Alan: So the guys are freaking huge…so yuge, like the best yuge….and are extremely intimidating. So when you have someone small like the Young Bucks, or Ariel Lipstick and Night Terror, they will be intimidated. Plus, you basically have Pennywise from IT and Leather Face from Texas Chainsaw Massacre…there really isn’t much, physically that you can do to them. So they would no sell a lot. But if you are able to out think them you are able to beat them. And that’s what I wanted to do in card form.

Let’s move onto the finishes, how’d you come up with the names and images used for them?

Alan: The images were from their matches in GTS and SWF. I got their permission to use them and their likenesses. It’s good to have friends in the business!

How’d you come up with the text used for the finishers in the set?

Alan: Well, I thought horror movies, and thought about how to translate that into the card game. Like the straight jacket, is basically the monster under your bed themed.

Is there any certain cards that you would always pack into a Monster Asylum deck? Any special deck tech you’d like to share if someone wanted to play the tag team?

Alan: The cards that allow you to discard cards they have in play. Make them play your game.

How was it working with the boss during the creation of your characters in general?

Alan: I love bouncing ideas off Steve. If he has questions about cards that I’ve created or how I think something should work, I don’t mind talking my thoughts about it over with him. And I try to balance the characters I send his way enough so that there isn’t much that needs to be done as far as mechanics go.

Do you feel that whatever you paid for the characters was well worth it?

Alan: Yes and no. Don’t get me wrong, the price is a steal for what you are getting. I mean you are getting immortalized in a game, and it’s great having people come up asking for your autograph on the cards you’ve created. But sometimes the process is kinda irritating. Like the play testers to me, have been the biggest obstacle in trying to portray a gimmick or idea in card form.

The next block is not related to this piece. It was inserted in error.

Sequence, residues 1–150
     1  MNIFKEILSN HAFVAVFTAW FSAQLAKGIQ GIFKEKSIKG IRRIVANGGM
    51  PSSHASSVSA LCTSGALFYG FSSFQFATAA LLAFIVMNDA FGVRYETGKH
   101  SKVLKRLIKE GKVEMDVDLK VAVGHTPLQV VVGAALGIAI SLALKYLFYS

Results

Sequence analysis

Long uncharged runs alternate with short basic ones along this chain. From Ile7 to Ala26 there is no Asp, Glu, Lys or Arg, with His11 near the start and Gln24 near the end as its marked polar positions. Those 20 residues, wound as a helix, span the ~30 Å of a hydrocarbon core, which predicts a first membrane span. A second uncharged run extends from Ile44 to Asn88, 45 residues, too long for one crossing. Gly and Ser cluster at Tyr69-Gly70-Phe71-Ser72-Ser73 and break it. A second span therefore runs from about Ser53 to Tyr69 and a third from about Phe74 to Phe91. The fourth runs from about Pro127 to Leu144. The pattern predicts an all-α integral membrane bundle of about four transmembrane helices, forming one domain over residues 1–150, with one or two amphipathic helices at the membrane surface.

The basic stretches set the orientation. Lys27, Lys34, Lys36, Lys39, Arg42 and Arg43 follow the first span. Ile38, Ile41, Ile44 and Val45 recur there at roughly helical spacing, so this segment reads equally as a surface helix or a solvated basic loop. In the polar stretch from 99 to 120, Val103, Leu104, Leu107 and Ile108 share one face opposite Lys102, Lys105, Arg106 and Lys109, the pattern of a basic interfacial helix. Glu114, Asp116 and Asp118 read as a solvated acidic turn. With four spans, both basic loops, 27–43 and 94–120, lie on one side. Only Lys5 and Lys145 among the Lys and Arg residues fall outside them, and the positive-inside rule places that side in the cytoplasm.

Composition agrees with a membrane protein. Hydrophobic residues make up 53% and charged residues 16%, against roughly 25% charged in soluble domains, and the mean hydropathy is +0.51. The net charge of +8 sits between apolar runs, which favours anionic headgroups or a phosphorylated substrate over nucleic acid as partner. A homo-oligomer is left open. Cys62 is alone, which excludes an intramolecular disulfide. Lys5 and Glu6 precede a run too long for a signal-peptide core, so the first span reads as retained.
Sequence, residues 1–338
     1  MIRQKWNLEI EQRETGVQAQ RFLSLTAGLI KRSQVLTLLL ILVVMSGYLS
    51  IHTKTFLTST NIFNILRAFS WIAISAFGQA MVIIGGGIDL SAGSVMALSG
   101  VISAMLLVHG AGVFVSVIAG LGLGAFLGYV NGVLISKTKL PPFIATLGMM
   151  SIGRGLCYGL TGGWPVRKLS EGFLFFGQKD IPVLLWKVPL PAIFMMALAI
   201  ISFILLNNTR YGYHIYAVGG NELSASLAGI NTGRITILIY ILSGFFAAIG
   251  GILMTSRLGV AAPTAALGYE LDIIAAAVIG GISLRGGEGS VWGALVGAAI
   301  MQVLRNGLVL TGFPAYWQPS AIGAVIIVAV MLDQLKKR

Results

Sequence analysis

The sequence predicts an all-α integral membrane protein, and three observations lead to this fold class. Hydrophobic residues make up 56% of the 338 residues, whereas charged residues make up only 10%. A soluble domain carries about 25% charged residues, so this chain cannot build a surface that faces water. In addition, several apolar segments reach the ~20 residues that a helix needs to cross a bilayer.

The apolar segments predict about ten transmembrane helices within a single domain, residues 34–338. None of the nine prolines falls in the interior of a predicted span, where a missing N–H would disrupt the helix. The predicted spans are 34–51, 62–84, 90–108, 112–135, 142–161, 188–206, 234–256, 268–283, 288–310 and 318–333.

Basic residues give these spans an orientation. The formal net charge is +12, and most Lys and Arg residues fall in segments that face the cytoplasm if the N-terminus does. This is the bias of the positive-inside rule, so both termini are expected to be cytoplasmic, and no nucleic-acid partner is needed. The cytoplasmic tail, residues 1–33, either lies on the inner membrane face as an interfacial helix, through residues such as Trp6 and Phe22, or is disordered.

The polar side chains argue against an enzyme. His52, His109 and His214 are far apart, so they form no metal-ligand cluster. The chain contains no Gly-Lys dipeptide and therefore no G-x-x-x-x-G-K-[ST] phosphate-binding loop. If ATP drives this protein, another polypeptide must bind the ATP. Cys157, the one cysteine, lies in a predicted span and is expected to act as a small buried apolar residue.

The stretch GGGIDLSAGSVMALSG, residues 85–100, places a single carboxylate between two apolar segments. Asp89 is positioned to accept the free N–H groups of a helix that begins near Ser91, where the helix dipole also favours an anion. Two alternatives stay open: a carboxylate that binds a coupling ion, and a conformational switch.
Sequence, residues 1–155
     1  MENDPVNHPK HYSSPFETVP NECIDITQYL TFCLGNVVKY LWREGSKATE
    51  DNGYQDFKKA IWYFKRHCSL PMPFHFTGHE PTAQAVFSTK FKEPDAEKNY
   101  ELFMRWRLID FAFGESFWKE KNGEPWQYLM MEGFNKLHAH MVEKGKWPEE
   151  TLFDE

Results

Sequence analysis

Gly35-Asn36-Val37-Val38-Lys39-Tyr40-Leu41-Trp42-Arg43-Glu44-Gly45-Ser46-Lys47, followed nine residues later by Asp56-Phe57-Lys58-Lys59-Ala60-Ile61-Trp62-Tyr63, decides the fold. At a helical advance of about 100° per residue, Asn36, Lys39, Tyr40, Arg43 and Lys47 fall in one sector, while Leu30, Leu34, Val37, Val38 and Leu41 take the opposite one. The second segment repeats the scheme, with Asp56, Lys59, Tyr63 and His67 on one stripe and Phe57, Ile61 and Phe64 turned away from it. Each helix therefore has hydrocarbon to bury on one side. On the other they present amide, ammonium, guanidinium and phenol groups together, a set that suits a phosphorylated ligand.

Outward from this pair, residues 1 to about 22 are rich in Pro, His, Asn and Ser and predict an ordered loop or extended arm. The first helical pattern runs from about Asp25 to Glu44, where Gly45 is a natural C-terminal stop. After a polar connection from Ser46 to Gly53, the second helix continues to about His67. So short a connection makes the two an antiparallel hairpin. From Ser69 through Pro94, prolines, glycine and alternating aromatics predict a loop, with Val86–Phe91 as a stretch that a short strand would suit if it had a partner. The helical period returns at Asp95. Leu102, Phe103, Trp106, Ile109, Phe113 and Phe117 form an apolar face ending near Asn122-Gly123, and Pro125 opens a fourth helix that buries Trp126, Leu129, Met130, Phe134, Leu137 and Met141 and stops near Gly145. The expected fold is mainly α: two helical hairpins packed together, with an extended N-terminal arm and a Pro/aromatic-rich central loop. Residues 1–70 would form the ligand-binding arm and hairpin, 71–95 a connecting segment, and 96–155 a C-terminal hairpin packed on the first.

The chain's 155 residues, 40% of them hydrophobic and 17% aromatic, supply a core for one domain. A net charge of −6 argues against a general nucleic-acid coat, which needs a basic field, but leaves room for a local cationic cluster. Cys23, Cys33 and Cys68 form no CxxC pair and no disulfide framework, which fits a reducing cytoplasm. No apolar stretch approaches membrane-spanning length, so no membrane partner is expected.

Do you have any advice for others who would like to create a character for the game?

Alan: Yes… STOP WITH ALL THE BURY GIMMICKS!!!!!!!!!!!!!!!!!! We get it, you only like to fishbowl the game.

Would you be willing to come back to talk about a couple of your other characters in the future?

Alan: Of course. I have one coming out at GenCon52 that this game DESPERATELY needs. Got one that we are waiting on all the other things for like ideas for the artwork and all, got 2 I want to do so bad, and 2 that are already out (one is last years Competitor of the Year).

Is there anything else you’d like to talk about or show off before the end of the interview?

Alan: Sure is, so the competitor I have coming out at GenCon, it is a game changer, and I wont let the gimmick be spoiled (mainly because of the diversity rule), but I can spoil the moves for your audience! So many people don’t know but I am actually an ordained minister, so I have a new gimmick for wrestling, Reverend Robert Torn. He has no masters above him except for the Trinity. His sole purpose is to spread the word of the #Trinity by reciting the verses of the #GoodBook. So his strike finish is aptly named: The Good Book, 3 Kings ed.

Alan: Very simple but very effective, and one of the first verses of the Good Book of major significance is in the book of Newman: Scriptures of the Trinity, Newman 3:16.

Alan: Kinda gives you the ability if they kick out to not basically start from the ground up again. Now one of my favorite verses comes from the Book of Torn. The Hand of the Trinity, Torn 4:69.

Behind The Mask: Scott Winterbauer

Hello Scott, thank you for joining me today.

Scott: My pleasure.

So I hear you have a character who’s coming out very soon at Gen Con, and you wanted to show him off a bit. Please go ahead and explain how you came up with the character The Fireball?

Scott: So after finding out about SuperShow at Origins last year and seeing people portraying characters, I wanted to come up with my own character for Gen Con. After a conversation with Steven Hines, I said to Steve Resk that the LFF was missing the pretty boy rock star gimmick. Now I’m a big fan of rock ‘n roll and its culture so I came up with the Fireball. The line I have in my head for him is a little bit of Bowie and a little bit of Freddie. It’s basically me, but at an 11. Like the red leather jacket and the glasses are things that I wear on a daily basis. One other thing that is a personal touch to the character is while most rock stars play guitar, I can’t play the guitar to save my life, but I can legitimately sing well, so I added the microphone instead. Just to make the microphone stand out a little more, I made it like how Freddie Mercury would use only a half microphone.

As we see above, the card art is absolutely awesome! Tell me, what were your thoughts when you first got to see it?

Scott: It was awesome. Nunoh is always amazing, but Juan Pablo is quickly becoming one of my favorite artists and I will probably use him for future characters.